9. Learning is a prenatal inaugurated ability that is so mysterious to our understanding. According to the contant of this book, it stated that even a four days new born could have its recognition ability in a module of an adult's congnitive ability. A paltry of restricted number of genome is responsible for the developement of the nervous system and in the view of a shifted module of systematic calculation in maths, the genome is rather small in munber, so meagre to have the whole brain controlled [...]

    10. This book was the first scientific book I read that I actually enjoyed. I read it for a 9th grade book report (you’re reading it now), and it wasn't just some professor rambling on for hours. It is a relatively short read at 189 pages (not including glossary and references), and is very informative.The first couple of chapters explain how genes work and doesn't talk much about the mind. After Marcus finishes explaining genes, he starts explaining how the brain itself works (with a chapter-long [...]

    11. This book is truly a book of wisdom. It opens door that no one would ever expect to be opened in your mind. It was a bit of a tough read but getting through expanded my knowledge on how the brain is made. When it explained how the brain works it made me suddenly realize why I feel in certain ways and when. It explains that 30,000 genetics it takes to create a human however only no more than 20 genes is what it takes to create the brain. It is truly fascinating. Books like these are what can help [...]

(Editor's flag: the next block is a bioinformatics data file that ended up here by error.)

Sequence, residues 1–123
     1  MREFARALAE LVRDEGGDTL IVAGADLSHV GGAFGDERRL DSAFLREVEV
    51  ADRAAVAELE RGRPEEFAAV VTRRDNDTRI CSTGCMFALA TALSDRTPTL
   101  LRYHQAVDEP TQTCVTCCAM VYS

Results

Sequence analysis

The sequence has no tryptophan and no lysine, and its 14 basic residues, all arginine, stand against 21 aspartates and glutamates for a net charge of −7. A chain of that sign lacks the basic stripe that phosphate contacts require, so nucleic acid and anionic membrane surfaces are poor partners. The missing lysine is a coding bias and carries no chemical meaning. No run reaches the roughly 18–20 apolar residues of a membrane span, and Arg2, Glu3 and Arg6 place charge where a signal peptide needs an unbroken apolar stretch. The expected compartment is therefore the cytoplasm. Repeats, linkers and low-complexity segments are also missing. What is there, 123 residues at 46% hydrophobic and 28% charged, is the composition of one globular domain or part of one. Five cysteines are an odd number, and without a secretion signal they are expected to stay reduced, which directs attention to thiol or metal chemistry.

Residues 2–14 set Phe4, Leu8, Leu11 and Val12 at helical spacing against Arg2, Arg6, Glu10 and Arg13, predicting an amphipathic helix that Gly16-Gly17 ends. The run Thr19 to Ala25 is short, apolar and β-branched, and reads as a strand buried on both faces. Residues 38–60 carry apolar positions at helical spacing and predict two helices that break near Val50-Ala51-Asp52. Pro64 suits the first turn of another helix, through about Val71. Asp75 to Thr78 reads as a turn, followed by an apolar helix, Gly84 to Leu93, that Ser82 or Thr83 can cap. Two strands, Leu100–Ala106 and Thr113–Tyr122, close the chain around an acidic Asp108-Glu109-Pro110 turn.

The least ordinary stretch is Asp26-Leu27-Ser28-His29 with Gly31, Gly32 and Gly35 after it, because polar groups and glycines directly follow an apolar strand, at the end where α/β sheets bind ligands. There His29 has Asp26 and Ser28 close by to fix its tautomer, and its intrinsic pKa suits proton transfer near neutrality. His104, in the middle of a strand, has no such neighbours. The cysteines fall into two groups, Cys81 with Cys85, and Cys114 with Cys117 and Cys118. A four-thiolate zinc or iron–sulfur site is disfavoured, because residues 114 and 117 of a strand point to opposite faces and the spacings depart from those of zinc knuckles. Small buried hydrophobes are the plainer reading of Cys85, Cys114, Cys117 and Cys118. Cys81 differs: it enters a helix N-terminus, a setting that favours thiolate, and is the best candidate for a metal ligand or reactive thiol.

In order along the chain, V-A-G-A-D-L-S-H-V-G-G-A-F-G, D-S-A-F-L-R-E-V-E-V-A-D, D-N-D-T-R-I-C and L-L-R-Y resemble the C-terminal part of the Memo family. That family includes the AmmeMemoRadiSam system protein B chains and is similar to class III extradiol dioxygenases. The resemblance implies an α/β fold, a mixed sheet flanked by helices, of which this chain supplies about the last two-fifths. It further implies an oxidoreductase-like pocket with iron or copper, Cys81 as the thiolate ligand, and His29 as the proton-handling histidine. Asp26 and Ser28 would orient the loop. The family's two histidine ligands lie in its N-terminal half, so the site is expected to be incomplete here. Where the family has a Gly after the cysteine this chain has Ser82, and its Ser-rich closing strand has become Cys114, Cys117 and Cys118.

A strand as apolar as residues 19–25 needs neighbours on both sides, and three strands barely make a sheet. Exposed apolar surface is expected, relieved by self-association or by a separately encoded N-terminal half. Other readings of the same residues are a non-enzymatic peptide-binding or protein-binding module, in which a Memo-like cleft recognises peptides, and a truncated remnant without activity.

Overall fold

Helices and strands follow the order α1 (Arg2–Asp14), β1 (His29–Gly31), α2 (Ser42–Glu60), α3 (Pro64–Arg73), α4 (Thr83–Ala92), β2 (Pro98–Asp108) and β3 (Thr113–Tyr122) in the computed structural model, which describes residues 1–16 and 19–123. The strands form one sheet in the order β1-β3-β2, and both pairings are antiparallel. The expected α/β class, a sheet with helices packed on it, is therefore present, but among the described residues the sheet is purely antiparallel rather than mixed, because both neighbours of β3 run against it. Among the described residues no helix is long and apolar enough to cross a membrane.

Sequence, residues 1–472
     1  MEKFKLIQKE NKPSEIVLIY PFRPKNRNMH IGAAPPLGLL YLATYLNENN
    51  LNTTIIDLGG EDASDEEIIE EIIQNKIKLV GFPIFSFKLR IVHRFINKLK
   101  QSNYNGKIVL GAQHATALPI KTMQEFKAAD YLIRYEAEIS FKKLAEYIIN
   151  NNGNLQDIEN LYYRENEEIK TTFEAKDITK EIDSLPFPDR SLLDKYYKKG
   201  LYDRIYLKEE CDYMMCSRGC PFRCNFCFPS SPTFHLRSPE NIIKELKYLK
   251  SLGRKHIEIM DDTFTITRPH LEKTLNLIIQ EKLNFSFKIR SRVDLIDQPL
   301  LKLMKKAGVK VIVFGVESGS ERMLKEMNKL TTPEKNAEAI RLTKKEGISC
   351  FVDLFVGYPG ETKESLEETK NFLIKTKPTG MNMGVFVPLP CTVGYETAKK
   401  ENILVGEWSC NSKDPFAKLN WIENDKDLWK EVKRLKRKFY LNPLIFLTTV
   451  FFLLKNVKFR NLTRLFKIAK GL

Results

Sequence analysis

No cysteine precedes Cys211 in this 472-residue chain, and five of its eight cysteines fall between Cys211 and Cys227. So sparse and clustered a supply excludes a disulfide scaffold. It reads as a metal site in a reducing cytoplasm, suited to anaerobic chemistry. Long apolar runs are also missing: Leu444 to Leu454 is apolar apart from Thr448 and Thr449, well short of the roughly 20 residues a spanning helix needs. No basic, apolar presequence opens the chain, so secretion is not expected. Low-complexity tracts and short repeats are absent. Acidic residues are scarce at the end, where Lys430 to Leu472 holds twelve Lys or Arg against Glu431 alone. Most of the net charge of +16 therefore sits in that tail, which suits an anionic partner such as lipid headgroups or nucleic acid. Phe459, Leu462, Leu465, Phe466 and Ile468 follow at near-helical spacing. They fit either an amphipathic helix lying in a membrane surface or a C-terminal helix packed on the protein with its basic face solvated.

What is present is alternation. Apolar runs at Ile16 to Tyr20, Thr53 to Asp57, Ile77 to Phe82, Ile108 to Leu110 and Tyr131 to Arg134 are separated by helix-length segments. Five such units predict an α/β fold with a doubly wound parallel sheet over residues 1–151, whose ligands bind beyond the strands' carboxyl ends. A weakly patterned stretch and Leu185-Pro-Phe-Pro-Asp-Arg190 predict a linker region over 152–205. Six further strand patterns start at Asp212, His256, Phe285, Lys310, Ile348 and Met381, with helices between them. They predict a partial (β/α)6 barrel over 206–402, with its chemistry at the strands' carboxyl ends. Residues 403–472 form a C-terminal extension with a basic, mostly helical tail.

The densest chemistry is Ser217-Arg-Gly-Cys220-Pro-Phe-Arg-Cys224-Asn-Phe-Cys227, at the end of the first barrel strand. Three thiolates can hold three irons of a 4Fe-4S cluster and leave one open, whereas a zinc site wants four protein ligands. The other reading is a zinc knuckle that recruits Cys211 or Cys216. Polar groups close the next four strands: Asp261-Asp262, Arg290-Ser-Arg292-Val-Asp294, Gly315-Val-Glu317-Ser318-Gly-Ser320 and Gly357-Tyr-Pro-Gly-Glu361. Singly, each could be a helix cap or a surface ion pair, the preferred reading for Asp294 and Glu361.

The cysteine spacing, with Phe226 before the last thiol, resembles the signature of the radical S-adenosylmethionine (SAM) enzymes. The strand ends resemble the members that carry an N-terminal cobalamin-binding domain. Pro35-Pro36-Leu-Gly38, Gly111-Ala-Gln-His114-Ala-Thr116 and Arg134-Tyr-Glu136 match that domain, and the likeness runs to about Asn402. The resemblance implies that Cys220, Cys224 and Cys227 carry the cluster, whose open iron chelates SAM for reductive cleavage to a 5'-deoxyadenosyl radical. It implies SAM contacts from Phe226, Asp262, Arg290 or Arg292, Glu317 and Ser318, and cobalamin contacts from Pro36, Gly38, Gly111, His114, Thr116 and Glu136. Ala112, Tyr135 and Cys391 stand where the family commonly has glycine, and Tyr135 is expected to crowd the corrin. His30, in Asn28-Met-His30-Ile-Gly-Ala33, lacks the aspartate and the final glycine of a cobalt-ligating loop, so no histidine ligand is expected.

12. Un buon saggio sul cervello come organo prodotto dall'evoluzione e dal prodotto di un piccolo numero di geni.Di difficoltà abbastanza alta, non è consigliato ai non specialisti, o comunque a chiunque non abbia già più di una infarinatura in neurologia, genetica, biologia molecolare, cibernetica.

    13. Although focused on the gene expression side, the latter part in particular has a rather well balanced nature/nurture discussion, copiously researched and accessible for the "non-neuroscientist" reader.

    14. Perfect introduction to genes for the non specialist. The flow of the book is smooth and it keeps you engaged. Will read more books by this author for sure as he has that rare gift of simplifying complex ideas.

    15. The title is an exaggeration. The book discusses some recent research of how brain and mind develops, but the truth is that we still do not know much about this complex process. If you want to find a coherent picture of mind development or a grand theory, you will be disappointed.

    16. surprisingly quick read for such a big topic, but a great primer for venturing into evolution and the mind.

    17. Started it a while ago but had to drop it, I had too many things to do at my lab. However, I hope to pick it up again soon!

    18. Scientific but the concepts are easily understood even if the detailed science is better if you have a biology background.